None of the four persons in the vehicle could testify clearly as to the exact events of the accident. A fair reading of the testimony and exhibits would indicate the following: The road at the relevant point is 21' 6" in width with gravel shoulders of six feet on the right and nine feet on the left. The vehicle entered the curve, described by the investigating officer as a "sweeping curve that comes off the apex *942 with legs at 90 degrees angle from one another," and began a driving skid about halfway through the curve. The skid mark, thus caused, continued in a curve to a point where it crossed the center line in the road and then curved back to a point where it contacted the gravel shoulder on the right-hand side of the road. The skid measured 246 feet. The right front tire of the car hit the gravel shoulder on the right side of the roadway at a point about three-fourths of the way through the curve, throwing the car out of control. The vehicle was traveling, by this time, in a northerly direction.

The vehicle skidded 21 feet in the gravel shoulder and then spun across the road to a point where the rear of the car struck a highway delineator and culvert on the left side of the road, as viewed from the south. The first point of impact was 122 feet from where the car had re-entered the road after leaving the shoulder on the right. After the first impact, the vehicle spun around, traveled another 57 feet to a point where its left front fender struck a power pole, and came to rest.

Defendant testified that his vehicle had a propensity to "oversteer" at both high and low speeds, and that he attributed loss of control to oversteering into the right side of the road after negotiating the greater part of the curve. "Oversteer" was explained as a tendency of the back end catching up with the front end. The investigating officer testified that he had successfully rounded the curve in excess of 70 miles per hour during an emergency run.

In Williamson v. McKenna, 223 Or. 366, 354 P.2d 56 (1960), this court made an enlightened effort to "provide the clearest possible formula for the treatment of this class of cases so as to provide a workable guide for the bar and the trial bench." 223 Or. at 371, 354 P.2d at 58. Nevertheless, this appeal again involves the problem, frequently presented to this court, of passing on the sufficiency of evidence going to establish "gross negligence" in guest-passenger cases. The law now makes it clear that in guest-passenger cases the sufficiency of evidence going to the proof of "gross negligence" is reviewable by this court. Williamson v. McKenna, supra at 392-393, 354 P.2d 56.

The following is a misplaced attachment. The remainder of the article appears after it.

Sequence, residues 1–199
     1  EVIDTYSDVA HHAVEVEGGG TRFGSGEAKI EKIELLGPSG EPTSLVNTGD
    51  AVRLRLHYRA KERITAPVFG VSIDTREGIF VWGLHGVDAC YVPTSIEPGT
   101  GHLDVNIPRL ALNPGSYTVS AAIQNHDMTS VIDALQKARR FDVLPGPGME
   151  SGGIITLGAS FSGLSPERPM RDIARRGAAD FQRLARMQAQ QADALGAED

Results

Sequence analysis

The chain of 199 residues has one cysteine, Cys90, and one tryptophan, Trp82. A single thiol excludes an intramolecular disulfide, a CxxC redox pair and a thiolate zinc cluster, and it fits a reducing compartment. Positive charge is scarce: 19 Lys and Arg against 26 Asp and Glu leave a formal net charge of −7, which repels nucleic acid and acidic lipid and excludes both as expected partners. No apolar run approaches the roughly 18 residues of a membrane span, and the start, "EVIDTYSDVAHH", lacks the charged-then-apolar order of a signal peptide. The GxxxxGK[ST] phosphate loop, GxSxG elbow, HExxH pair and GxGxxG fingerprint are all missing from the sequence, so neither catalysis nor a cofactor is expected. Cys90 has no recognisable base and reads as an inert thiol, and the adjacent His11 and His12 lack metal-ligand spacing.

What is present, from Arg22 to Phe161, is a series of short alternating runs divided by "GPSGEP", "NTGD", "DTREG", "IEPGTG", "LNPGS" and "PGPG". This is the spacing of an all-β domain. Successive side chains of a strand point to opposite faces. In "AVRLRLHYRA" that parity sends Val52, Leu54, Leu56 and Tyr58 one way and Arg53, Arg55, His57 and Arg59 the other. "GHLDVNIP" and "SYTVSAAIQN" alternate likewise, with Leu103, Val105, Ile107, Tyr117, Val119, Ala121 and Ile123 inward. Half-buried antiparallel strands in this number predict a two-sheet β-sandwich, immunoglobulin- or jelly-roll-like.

The many cases discussing the problem are too extensive to cite in full, but Williamson, supra, is generally considered the anchor case with a comprehensive analysis of gross negligence in Oregon. ORS 30.110 was repealed and replaced by ORS 30.115 to reflect the Williamson language regarding gross negligence. ORS 30.115(2) reads:

"`Gross negligence' refers to negligence which is materially greater than the mere absence of reasonable care under the circumstances, and which is characterized by conscious indifference to or reckless disregard of the rights of others."

In a number of Oregon cases it has been said that "gross negligence" encompasses a state of mind indicative of an indifference to the probable consequences of one's acts. McNabb v. DeLaunay et al., 223 Or. 468, 354 P.2d 290 (1960); Honeywell Admx. v. Turner et al., 214 Or. 700, 332 P.2d 638 (1958); Carlson v. Wagberg, 183 Or. 95, 190 P.2d 926 (1948); Rauch v. Stecklein, 142 Or. 286, 20 P.2d 387 (1933).

"Gross negligence" has also been typified as the result of an "I don't care what happens" attitude. Williamson v. McKenna, supra; Chard v. Rios, 238 Or. 74, 393 P.2d 156 (1964); Burghardt v. Olson, 223 Or. 155, 349 P.2d 792, 354 P.2d 871 (1960); Turner, Adm'r, v. McCready et al., 190 Or. 28, 222 P.2d 1010 (1950).

This case, wherein the accident occurred on a curve, resembles, in many respects, the case of Burghardt v. Olson, supra. In that case, the host driver was found to have been driving at 65 miles per hour along a road with a posted safe speed of 45 miles per hour. The vehicle successfully negotiated a curve in the road and then, for some unknown reason, went out of control, crossed the four-foot shoulder, went across a ditch, traveled 113 feet and *943 struck a telephone pole, traveled another 84 feet and came to rest upside down. In reversing a judgment for the plaintiff, the court stated that defendant's violation of ORS 483.102 (the basic speed rule) would establish only ordinary negligence without evidence of other recklessness. The vehicle had successfully rounded the curve before trouble arose. In order to support a finding of gross negligence, this court stated that: